Attributed to Shugen (fl. 1469–1521), Japan, Muromachi period; hanging scroll, ink on paper; 32 ¼ x 14 5/16 in.; The Frances Lehman Loeb Art Center, Vassar College, Purchase, gift of Mr. and Mrs. Leo Steinberg (Dorothy Seiberling, class of 1943); Elizabeth Woodcock, class of 1925; Bertha Mather McPherson, class of 1928 and Philip Johnson, by exchange, 2014.29.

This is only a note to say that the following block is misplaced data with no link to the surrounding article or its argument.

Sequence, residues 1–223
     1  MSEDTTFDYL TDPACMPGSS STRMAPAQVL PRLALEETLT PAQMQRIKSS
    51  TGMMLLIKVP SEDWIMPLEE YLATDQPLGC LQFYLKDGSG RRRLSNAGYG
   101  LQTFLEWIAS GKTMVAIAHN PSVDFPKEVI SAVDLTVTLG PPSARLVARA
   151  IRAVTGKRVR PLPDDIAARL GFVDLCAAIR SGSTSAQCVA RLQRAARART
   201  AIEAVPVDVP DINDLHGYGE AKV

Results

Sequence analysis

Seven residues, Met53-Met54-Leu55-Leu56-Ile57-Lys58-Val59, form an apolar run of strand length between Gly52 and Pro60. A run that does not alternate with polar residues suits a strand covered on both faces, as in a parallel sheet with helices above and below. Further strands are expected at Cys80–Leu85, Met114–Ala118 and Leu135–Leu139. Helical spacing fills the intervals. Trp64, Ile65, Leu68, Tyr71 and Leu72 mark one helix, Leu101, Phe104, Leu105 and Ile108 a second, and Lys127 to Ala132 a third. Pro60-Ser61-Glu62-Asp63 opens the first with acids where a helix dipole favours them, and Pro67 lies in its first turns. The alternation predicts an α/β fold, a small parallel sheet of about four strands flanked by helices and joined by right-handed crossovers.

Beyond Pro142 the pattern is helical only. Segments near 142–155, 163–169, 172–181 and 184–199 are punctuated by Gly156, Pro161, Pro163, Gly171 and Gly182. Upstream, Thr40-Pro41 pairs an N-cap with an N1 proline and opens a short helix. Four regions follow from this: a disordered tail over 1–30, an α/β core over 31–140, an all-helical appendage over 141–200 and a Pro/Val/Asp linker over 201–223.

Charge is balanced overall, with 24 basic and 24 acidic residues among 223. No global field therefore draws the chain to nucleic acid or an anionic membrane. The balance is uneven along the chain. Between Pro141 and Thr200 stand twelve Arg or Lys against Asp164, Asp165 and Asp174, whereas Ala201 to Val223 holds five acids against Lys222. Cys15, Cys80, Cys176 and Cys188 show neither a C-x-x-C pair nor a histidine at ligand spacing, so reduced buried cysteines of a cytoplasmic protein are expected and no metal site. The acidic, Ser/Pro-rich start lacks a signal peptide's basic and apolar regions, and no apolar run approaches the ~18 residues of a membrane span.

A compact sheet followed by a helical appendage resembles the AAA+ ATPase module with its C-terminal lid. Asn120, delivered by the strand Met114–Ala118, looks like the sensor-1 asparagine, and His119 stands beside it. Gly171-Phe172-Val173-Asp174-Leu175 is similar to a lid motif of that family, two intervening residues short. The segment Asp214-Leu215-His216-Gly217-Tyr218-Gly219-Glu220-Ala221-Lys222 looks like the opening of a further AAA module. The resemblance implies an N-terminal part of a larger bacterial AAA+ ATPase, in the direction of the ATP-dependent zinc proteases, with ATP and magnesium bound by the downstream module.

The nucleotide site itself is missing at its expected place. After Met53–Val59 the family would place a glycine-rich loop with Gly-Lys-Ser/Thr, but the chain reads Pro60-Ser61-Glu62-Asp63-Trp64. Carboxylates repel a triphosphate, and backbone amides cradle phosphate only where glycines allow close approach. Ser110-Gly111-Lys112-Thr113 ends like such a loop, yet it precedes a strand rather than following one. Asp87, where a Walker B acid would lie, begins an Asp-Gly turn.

The minimal background and unembellished garments of the White-robed Kannon are typical of Zen Buddhist art, which was imported into the country from China after the 12th century. A feminized Kannon displays a tender smile while one hand points beyond perceivable space. Her robe is freely wrapped around her body. The style and composition of this Japanese painting follow Chinese precedents. Kannon’s sweet facial expression evokes intimate and direct emotions in the viewer. This painting exemplifies Japanese aesthetic developments in the simplified imagery and dexterous brushwork. It is an artistic manifestation of the “open distance, nothing sacred” doctrine in Zen Buddhism. JS